Earlier this year the Financial Reporting Council (FRC) published the findings of its thematic review into whether audit practices are ensuring their quality control procedures are up to scratch. Its conclusions were blunt. Although firms are devoting substantial resources to audit quality control, says the FRC, it thinks they are not doing enough to monitor the controls that ensure quality audits are performed consistently across the firm.
The FRC identified more audits that needed significant improvement than the firms did. That’s not good enough for the regulator, which expects firms’ monitoring to be as robust as its own.
The FRC regulates public interest entity audits so it might seem that this finding matters only to the largest firms. However, changes in UK law to bring in the EU Audit Regulation and Directive later this year mean that an additional number of firms – current estimates are 50 – will come into the FRC’s sights.
ICAEW’s regulatory arm, responsible for regulation outside the FRC’s remit, believes all firms should be interested in the thematic review’s findings. “The subject matter of this review might be the biggest firms but the findings should resonate with any practice,” says Trevor Smith, regional director in the Quality Assurance Department (QAD). “Any firm should use the findings to take stock and ask: does this highlight issues we should be challenging ourselves about?”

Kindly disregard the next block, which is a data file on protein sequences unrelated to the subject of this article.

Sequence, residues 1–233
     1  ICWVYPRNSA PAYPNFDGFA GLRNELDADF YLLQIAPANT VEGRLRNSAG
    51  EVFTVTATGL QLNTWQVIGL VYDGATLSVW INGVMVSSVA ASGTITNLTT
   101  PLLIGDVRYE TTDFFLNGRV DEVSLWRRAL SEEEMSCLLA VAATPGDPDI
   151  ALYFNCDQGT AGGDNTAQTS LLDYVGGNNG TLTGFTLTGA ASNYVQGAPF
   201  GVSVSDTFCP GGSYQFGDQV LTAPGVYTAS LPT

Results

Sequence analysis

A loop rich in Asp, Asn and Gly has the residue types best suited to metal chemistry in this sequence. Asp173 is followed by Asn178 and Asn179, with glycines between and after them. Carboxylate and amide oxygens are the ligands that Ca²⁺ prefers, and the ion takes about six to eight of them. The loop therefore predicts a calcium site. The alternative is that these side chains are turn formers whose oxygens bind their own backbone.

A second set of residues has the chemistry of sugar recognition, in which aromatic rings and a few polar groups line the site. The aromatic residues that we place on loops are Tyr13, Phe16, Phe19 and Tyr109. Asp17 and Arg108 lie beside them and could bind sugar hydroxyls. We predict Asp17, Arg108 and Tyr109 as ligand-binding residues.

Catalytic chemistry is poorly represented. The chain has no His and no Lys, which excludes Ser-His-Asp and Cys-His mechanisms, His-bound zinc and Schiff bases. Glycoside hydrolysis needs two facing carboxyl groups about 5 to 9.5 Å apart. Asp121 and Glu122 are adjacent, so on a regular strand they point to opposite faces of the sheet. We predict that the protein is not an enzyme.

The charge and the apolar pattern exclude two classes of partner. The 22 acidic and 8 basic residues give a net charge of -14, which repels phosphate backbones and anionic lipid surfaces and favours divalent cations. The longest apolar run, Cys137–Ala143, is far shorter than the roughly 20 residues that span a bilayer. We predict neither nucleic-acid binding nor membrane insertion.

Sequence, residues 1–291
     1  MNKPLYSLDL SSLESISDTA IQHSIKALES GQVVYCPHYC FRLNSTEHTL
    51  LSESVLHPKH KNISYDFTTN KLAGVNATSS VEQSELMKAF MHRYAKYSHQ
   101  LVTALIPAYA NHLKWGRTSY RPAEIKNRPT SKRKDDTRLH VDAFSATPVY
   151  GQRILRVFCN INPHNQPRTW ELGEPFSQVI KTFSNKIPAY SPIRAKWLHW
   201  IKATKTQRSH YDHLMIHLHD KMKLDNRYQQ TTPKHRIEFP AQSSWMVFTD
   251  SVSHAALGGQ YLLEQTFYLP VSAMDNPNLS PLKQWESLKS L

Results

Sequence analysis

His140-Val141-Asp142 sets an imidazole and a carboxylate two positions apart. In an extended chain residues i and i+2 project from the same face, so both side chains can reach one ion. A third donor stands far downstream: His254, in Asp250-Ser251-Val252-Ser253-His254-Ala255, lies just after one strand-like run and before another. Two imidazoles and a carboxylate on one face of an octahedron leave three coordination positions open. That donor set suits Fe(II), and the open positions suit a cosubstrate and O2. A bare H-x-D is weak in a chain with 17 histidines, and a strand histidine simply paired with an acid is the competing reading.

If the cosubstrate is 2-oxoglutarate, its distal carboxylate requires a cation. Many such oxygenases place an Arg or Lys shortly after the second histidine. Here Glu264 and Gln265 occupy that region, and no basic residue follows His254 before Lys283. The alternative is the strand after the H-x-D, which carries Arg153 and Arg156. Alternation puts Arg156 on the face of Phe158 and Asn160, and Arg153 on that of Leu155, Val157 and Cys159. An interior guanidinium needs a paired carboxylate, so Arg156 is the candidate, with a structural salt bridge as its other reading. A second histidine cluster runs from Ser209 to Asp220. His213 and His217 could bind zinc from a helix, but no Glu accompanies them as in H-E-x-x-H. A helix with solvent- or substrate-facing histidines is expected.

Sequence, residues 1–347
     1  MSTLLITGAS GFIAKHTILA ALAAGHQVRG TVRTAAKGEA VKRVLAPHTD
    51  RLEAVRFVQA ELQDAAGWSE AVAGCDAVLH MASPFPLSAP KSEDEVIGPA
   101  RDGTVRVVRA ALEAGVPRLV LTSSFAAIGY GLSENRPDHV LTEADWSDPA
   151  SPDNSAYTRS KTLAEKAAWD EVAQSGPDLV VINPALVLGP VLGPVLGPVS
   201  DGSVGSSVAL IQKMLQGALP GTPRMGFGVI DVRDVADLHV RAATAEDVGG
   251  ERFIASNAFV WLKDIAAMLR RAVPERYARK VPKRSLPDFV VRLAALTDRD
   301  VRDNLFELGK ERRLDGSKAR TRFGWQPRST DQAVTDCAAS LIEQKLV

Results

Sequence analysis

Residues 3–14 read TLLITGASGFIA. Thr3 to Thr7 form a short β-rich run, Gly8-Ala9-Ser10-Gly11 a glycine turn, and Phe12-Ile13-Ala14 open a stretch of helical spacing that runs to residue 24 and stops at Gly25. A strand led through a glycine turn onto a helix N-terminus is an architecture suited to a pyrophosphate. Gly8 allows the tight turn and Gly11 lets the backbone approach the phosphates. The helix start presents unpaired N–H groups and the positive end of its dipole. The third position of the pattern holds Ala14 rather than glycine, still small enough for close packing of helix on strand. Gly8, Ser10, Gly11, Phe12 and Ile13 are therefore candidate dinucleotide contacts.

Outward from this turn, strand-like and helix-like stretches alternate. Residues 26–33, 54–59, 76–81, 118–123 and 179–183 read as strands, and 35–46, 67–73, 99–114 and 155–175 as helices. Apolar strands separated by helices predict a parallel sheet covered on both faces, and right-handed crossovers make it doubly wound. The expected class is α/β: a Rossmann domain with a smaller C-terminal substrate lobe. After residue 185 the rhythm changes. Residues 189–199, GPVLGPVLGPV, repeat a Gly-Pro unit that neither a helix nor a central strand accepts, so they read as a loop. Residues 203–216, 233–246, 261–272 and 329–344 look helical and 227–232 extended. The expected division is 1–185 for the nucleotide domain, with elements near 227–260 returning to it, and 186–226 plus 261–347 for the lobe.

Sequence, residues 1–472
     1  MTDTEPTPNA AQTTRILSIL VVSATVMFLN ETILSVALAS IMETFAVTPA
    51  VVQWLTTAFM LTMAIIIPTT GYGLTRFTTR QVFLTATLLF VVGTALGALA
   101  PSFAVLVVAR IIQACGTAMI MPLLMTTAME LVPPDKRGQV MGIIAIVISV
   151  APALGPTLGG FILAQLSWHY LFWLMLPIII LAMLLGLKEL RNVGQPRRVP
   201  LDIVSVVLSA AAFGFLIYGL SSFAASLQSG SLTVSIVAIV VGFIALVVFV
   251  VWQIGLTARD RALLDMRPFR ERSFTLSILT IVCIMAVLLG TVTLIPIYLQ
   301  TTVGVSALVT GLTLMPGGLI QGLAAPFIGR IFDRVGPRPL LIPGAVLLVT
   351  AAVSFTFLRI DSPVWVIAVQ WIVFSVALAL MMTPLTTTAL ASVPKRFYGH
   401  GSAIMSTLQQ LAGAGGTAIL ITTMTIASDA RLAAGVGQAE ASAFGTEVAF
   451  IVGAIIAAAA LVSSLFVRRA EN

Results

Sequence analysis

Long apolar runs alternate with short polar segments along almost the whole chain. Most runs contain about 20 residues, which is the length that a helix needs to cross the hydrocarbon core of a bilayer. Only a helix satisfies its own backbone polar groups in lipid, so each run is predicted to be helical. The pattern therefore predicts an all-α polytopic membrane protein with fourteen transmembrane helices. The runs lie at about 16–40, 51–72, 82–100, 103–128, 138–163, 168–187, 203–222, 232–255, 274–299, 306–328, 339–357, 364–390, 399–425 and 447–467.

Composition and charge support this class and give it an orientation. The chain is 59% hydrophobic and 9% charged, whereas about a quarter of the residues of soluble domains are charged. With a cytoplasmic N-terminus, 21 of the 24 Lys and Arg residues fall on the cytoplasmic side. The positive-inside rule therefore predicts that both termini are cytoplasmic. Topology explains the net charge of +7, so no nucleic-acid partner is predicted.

Large firms can afford to have separate teams dedicated to reviewing their quality assurance. For instance, Smith & Williamson has a senior quality monitoring committee which is independent of the people who do the quality assurance reviews. This committee considers the results of the reviews and identifies common themes, ensuring the results are fed through to the learning and development, technical and quality assurance groups.
The key point is making sure someone suitable is given responsibility to take this overall view and for ensuring the actions needed are taken, says Matt Howells, head of the firm’s national assurance technical group. “It’s all very well identifying weaknesses. But if you identify issues on a particular file you might want to look at that file the following year to make sure these issues are being addressed. Or if you find something that has a wider thematic implication across the sector or the firm, you might make changes to your methodology or training. Then you need to ask: has that change been effective? We would need to do a cold file review and some specific reviews in the area to make sure the improvements are being followed through.”
Under audit regulations firms need to review the work of each audit partner at least once every three years. The FRCs comments on the frequency and extent of firms monitoring (firms should consider whether [this is] appropriate to meet regulatory requirements) suggests the regulator would like to see more regular reviews, possibly a more prescriptive approach to the audit regulations.